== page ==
Opinion

My name is Bruce, and I’m excessively optimistic

Believe it or not, people have accused me of being excessively optimistic. And to be honest, it blew me away. Criticism for having faith in the future? In a world of pessimism, any amount of positive thinking could be considered excessive.

Granted, there is a lot I could be pessimistic about. Employment growth continues to be challenged. Interest rates are pressured. Health care costs continue to increase significantly. And, to top all off, we’re all trying to make a living in an industry that’s considered a mature market. So, then, why my optimism? 

I just see things differently. As 2014 unfolds, I envision an economy that continues to improve, with business owners willing to invest in their businesses, fueling a more robust scenario for job and wage growth. That translates into a growth opportunity for insurance sales, especially given the untapped employee benefits market. I say “untapped” because too many Americans still hold too little life insurance, most have little or no disability coverage, and high-deductible health plans are creating a need for gap insurance, like critical illness and accident insurance. 

Being optimistic, in my mind, helps us embrace change and see the value in capitalizing on ways to reach our customers differently than we do today. Here are a few changes working their way into our industry:    

  • New distribution channels, such as private exchanges, are offering attractive alternatives for both your clients and their employees in the future.
  • Consumers are evolving and demanding an improved buying experience, one that understands who they are, anticipates their need and then offers a solution in a way that resonates with them on a personal level.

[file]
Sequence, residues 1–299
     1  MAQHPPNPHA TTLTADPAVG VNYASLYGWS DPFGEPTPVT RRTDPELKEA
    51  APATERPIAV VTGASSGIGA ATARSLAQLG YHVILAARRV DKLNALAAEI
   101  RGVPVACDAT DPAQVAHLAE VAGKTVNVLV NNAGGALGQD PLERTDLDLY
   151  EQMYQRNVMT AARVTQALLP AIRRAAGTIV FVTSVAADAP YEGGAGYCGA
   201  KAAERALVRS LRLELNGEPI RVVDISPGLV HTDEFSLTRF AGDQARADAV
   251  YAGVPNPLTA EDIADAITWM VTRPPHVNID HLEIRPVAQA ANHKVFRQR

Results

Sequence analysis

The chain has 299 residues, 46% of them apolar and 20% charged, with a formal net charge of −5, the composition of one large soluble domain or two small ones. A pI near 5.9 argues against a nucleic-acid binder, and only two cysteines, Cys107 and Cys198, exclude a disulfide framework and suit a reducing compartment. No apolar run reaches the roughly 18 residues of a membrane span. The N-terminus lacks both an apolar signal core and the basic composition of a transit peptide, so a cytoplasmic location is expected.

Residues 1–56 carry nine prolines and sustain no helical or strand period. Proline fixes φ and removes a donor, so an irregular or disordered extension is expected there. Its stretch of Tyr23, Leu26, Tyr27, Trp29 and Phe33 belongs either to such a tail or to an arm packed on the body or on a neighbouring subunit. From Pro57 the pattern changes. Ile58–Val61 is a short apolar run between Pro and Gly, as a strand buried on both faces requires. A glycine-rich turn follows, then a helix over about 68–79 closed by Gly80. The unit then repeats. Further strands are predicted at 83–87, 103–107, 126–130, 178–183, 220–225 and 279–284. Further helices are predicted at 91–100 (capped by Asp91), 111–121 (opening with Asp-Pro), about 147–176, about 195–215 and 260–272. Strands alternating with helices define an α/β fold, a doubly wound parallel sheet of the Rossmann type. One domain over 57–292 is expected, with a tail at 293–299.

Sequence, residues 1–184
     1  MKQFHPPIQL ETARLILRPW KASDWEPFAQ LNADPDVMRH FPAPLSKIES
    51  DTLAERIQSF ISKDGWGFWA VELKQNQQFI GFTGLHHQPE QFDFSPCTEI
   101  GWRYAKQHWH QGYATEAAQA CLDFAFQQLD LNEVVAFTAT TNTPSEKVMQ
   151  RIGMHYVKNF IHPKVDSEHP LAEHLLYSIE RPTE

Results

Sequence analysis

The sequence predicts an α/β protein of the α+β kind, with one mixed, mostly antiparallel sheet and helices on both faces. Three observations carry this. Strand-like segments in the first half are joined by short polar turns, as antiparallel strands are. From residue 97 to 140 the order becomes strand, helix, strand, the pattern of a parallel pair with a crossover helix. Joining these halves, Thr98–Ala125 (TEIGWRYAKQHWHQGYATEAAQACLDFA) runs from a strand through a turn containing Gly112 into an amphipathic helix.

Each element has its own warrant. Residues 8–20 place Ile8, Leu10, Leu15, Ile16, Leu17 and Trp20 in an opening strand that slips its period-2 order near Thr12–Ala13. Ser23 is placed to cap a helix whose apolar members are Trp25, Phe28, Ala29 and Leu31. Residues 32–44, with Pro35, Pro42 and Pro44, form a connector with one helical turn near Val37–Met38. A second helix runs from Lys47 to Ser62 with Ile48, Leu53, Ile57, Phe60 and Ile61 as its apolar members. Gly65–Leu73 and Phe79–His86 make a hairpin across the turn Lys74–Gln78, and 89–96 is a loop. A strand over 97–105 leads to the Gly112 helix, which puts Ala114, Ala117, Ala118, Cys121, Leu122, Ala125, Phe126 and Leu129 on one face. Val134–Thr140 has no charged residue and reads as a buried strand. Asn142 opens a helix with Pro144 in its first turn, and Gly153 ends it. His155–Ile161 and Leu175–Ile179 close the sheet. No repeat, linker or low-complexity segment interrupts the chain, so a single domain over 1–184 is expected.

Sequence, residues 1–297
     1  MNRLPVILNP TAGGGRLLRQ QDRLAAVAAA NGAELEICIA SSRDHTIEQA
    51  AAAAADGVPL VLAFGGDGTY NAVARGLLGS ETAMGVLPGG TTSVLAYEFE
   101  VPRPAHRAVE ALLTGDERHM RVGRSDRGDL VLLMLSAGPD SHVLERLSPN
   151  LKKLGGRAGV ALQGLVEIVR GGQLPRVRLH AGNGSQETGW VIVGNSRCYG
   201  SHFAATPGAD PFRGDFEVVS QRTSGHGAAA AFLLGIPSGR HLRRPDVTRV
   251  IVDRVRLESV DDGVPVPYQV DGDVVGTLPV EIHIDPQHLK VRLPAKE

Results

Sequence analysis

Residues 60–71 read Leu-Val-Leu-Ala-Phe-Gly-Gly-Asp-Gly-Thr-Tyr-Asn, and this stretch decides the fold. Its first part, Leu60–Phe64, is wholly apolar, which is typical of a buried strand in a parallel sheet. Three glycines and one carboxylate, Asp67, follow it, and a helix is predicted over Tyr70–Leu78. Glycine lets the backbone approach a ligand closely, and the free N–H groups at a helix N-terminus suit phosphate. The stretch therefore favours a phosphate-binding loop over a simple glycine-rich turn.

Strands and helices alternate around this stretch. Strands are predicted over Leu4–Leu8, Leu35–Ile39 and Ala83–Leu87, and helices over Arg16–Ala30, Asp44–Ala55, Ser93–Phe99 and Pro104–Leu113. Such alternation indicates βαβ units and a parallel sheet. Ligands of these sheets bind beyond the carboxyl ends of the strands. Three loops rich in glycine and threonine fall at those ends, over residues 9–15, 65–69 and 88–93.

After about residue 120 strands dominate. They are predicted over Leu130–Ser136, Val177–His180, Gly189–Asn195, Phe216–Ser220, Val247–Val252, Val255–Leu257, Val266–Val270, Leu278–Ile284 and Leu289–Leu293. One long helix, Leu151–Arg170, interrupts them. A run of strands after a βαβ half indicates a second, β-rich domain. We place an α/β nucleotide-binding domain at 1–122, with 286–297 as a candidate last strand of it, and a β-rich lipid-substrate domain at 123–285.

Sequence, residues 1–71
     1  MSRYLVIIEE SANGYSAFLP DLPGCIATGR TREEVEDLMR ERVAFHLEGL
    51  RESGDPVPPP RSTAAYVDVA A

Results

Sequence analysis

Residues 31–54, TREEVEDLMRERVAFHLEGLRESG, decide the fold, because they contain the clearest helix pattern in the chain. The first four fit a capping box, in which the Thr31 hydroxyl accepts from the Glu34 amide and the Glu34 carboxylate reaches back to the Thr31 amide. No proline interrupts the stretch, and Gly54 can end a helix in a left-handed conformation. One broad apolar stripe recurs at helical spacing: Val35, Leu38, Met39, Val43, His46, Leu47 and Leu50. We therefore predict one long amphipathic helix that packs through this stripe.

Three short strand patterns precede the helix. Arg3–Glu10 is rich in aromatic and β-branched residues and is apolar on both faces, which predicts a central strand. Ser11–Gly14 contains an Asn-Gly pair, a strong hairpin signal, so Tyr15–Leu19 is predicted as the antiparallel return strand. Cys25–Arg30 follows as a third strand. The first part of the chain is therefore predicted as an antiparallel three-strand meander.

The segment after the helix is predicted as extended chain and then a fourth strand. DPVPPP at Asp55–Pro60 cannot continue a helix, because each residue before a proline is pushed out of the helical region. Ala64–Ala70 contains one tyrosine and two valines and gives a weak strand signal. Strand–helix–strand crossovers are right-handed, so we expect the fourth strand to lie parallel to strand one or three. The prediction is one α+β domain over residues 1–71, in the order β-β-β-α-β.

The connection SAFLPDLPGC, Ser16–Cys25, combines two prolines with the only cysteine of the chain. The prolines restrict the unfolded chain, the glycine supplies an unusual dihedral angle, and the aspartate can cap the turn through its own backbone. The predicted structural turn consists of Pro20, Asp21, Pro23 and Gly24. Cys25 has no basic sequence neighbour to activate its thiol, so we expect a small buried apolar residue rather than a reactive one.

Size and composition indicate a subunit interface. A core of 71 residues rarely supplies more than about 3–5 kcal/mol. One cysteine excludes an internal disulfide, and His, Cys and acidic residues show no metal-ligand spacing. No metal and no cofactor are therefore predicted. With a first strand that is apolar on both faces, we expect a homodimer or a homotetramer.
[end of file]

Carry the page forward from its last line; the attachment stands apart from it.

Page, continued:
• Social media, which has heavily influenced consumer buying behaviors in the retail world, is making its way into the insurance sales cycle, as well.
  • Big data — large amounts of unstructured data about your clients’ habits, preferences and relationships — is beginning to serve in a predictive way to fundamentally change how products are designed, brought to the market and sold.    

These are all evolving concepts, and deserve more explanation. Watch for more of my blogs that will cover some of these topics and more this year. But, for now, I hope they tip your thinking about some of the things I see on the horizon that will shape your world as advisors. They are not to be feared — quite the opposite, in fact. I encourage you to embrace them and figure out how to leverage them in your roles. This is the future — one that I’m personally optimistic about. I hope you share my sense of enthusiasm. 

Are you beginning to feel the impact of these emerging forces above? If so, how? 

About the Author
Bruce Hentschel

Bruce Hentschel

Bruce Hentschel leads strategy development for the Specialty Benefits Division of the Principal Financial Group, which includes group dental, vision, life, disability and critical illness insurance, and individual disability insurance. 

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